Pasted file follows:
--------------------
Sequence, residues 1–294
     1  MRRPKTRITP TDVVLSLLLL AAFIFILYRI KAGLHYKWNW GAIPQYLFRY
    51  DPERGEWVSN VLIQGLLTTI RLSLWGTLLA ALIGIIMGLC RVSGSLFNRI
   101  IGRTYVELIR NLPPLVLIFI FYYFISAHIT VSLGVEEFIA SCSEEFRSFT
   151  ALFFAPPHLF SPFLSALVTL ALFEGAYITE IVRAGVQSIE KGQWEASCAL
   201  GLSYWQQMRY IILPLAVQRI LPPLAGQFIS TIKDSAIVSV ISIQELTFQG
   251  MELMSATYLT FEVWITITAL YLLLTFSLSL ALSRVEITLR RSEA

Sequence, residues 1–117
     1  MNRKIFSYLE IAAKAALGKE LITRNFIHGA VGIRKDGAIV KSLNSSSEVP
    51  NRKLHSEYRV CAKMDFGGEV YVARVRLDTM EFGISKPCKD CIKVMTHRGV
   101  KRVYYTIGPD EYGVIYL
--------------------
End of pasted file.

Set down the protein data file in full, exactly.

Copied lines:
Sequence, residues 1–294
     1  MRRPKTRITP TDVVLSLLLL AAFIFILYRI KAGLHYKWNW GAIPQYLFRY
    51  DPERGEWVSN VLIQGLLTTI RLSLWGTLLA ALIGIIMGLC RVSGSLFNRI
   101  IGRTYVELIR NLPPLVLIFI FYYFISAHIT VSLGVEEFIA SCSEEFRSFT
   151  ALFFAPPHLF SPFLSALVTL ALFEGAYITE IVRAGVQSIE KGQWEASCAL
   201  GLSYWQQMRY IILPLAVQRI LPPLAGQFIS TIKDSAIVSV ISIQELTFQG
   251  MELMSATYLT FEVWITITAL YLLLTFSLSL ALSRVEITLR RSEA

Sequence, residues 1–117
     1  MNRKIFSYLE IAAKAALGKE LITRNFIHGA VGIRKDGAIV KSLNSSSEVP
    51  NRKLHSEYRV CAKMDFGGEV YVARVRLDTM EFGISKPCKD CIKVMTHRGV
   101  KRVYYTIGPD EYGVIYL